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Mother of Louisville Police Shooting Victim Calls for Peace as Several Protests Break Out

In this May 29, 2020, photo, a protester pulls a burning board from a fire set in response to the death of George Floyd in downtown Oakland, Calif. (AP Photo/Ethan Swope)

In this May 29, 2020, photo, a protester pulls a burning board from a fire set in response to the death of George Floyd in downtown Oakland, Calif. (AP Photo/Ethan Swope)

Kentucky Governor Andy Beshear read the statement from Breonna Taylor's mother hours after gunshots erupted during protests late on Thursday outside City Hall. One person was in critical condition, Louisville Metro Police said on Friday.

Looking to defuse anger after gunfire wounded at least seven people at a protest in Louisville, the mother of a black woman killed by police urged protesters on Friday to continue demanding justice but do so "without hurting each other".

Kentucky Governor Andy Beshear read the statement from Breonna Taylor's mother hours after gunshots erupted during protests late on Thursday outside City Hall. One person was in critical condition, Louisville Metro Police said on Friday.

Mayor Greg Fischer said police officers fired no shots. Instead, they provided aid to the wounded, he said. TV video showed terrified protesters fleeing as gunfire erupted.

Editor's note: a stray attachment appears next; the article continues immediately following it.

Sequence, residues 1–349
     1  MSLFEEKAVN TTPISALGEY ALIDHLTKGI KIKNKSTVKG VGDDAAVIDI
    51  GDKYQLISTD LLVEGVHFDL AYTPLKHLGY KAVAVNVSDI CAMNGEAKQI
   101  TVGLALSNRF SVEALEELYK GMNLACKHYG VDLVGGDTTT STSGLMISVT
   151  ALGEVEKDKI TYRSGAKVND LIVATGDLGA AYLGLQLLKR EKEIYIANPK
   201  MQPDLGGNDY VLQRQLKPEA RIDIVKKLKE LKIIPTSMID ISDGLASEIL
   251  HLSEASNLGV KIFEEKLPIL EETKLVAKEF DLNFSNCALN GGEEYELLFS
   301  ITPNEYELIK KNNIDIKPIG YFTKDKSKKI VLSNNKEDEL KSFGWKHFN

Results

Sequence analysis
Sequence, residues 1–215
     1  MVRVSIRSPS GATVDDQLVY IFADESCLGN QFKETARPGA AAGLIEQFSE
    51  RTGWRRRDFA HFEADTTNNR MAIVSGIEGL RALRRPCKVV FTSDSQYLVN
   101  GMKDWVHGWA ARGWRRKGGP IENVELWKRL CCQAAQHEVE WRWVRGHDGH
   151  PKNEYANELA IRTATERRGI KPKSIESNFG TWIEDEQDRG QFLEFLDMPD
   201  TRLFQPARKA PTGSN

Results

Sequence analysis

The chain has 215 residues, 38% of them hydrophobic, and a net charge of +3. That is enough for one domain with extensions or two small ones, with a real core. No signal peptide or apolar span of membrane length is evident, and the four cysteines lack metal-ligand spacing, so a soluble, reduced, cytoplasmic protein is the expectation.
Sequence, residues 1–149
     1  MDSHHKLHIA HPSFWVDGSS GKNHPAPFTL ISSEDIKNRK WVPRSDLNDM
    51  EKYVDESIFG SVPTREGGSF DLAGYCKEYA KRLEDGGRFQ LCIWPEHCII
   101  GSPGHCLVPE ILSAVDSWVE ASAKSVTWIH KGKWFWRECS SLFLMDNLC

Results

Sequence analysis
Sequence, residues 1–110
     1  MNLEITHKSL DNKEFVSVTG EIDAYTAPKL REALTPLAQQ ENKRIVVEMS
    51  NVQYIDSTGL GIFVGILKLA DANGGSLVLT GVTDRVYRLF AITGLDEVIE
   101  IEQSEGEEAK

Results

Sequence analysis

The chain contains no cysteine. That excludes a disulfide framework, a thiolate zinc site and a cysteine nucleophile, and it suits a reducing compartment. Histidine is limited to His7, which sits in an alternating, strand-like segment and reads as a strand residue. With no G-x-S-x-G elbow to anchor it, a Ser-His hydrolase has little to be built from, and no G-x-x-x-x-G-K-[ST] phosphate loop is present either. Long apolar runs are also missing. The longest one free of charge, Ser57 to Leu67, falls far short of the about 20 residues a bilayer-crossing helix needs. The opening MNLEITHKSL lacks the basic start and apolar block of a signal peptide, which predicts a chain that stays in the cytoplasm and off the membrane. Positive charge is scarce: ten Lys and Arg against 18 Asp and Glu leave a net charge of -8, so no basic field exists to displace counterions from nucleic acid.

With more rallies planned, Taylor's mother joined the chorus of calls for protests to remain peaceful. In her statement, Tamika Palmer said her daughter -- an emergency medical technician -- devoted her life to others and the "last thing she'd want right now is any more violence".

"Please keep saying her name," her statement said. "Please keep demanding justice and accountability, but let's do it the right way without hurting each other. We can and we will make some real change here. Now is the time. Let's make it happen, but safely."

On Friday evening, what appeared to be several hundred people gathered downtown for the second night of protests. The crowd briefly blocked traffic near City Hall and chanted, "No justice, no peace."

Protesters carried signs calling for justice for Breonna Taylor and George Floyd, the black man who died after a Minneapolis police officer pressed his knee into Floyd's neck for several minutes even after he stopped moving and pleading for air.

Police presence intensified around 9:45 p.m. on Friday as officers in riot gear stood shoulder-to-shoulder moving people down a key street near City Hall, the Courier Journal reported. A police officer was seen on camera during a WAVE-TV broadcast firing what appeared to be pepper bullets directly at the camera crew.

"I'm getting shot! I'm getting shot!" WAVE-TV reporter Kaitlin Rust is heard yelling off-camera. She told the indignant anchors int he studio that the crew was behind the line, but police wanted them to move further away.

Police spokeswoman Jessie Halladay said no shots had been fired at Friday's protest as of 10:40 p.m. and no significant injuries had been reported. Two people were arrested. Bracing for more protests, police said they wouldn't tolerate violence or property destruction.

"We value the right to free speech and understand this community has a lot to say right now," Louisville police Lt. Col. LaVita Chavous said. "We hear you."

But she added that police were prepared to "take whatever action we must to try to ensure no one else is injured during this time of unrest. We ask the community to please voice your opinions in a peaceful way".

Meanwhile, Louisville's mayor said the use of no-knock warrants by police was being suspended, the latest in a series of policy changes and others actions in response to Taylor's death.